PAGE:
Questions about GIL and web services from a n00b
cournape at gmail.com
Sat Apr 16 04:59:57 CEST 2011
On Sat, Apr 16, 2011 at 10:05 AM, Raymond Hettinger <python at rcn.com> wrote:
>> > Is the limiting factor CPU?
>> > If it isn't (i.e. you're blocking on IO to/from a web service) then the
>> > GIL won't get in your way.
>> > If it is, then run as many parallel *processes* as you have cores/CPUs
>> > (assuming you're designing an application that can have multiple
>> > instances running in parallel so that you can run over multiple servers
>> > anyway).
>> Great question. At this point, there isn't a limiting factor, but yes
>> the concern is around CPU in the future with lots of threads handling
>> many simultaneous transactions.
> In the Python world, the usual solution to high transaction loads is
> to use event-driven processing (using an async library such as
> Twisted) rather than using multi-threading which doesn't scale well in
> any language.
My experience is that if you are CPU bound, asynchronous programming
in python can be more a curse than a blessing, mostly because the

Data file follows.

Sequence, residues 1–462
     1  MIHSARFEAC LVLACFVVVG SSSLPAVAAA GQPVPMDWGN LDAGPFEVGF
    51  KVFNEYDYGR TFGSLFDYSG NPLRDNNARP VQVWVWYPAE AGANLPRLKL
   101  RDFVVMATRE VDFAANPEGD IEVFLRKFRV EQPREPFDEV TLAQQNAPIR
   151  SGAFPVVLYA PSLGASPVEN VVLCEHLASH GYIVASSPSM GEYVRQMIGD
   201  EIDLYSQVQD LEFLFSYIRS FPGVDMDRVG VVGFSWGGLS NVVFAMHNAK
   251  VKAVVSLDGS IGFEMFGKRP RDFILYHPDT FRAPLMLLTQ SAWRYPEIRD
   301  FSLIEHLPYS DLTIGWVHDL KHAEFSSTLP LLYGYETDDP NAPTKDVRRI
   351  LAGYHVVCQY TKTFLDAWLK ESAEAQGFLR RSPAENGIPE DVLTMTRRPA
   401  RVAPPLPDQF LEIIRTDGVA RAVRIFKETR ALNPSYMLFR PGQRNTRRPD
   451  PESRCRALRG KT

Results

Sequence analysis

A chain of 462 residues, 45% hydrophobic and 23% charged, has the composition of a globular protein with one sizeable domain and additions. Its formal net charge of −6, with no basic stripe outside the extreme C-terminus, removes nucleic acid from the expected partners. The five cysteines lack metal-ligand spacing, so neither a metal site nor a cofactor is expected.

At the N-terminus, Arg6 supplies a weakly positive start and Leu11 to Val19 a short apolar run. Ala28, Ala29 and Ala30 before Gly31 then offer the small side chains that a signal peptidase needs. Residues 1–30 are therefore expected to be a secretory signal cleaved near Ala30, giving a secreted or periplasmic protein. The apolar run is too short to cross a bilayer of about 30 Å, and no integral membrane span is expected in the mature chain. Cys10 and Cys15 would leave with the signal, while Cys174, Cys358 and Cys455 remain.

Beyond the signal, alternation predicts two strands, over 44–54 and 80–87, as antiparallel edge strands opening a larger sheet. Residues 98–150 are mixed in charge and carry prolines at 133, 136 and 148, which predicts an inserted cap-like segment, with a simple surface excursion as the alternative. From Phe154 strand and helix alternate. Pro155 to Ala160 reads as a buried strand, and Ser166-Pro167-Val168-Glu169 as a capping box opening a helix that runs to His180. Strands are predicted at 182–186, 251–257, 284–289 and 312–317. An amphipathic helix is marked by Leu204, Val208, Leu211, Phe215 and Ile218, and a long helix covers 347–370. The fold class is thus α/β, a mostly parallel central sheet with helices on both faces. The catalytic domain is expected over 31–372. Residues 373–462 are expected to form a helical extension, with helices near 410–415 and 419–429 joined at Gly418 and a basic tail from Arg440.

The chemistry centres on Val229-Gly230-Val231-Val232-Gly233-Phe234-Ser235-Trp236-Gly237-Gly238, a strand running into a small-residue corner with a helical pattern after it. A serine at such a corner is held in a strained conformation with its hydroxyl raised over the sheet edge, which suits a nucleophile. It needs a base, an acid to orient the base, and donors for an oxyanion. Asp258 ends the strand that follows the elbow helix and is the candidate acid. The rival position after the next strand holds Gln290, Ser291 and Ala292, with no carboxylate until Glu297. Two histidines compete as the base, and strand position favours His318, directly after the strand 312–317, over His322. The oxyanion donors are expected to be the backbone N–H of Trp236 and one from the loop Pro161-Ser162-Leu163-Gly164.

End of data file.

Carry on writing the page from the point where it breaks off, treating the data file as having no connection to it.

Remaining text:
need to insert "scheduling points" at the right points to avoid
blocking and because profiling becomes that much harder in something
It depends of course of the application, but designing from the ground
up with the idea of running multiple processes is what seems to be the
most natural way of scaling - this does not prevent using async in
each process. This has its own issues, though (e.g. in terms of
administration and monitoring).
Chris, the tornado documention mentions a simple way to get multiple
processes on one box: http://www.tornadoweb.org/documentation (section
mentiong nginx for load balancing). The principle is quite common and
is applicable to most frameworks (the solution is not specific to
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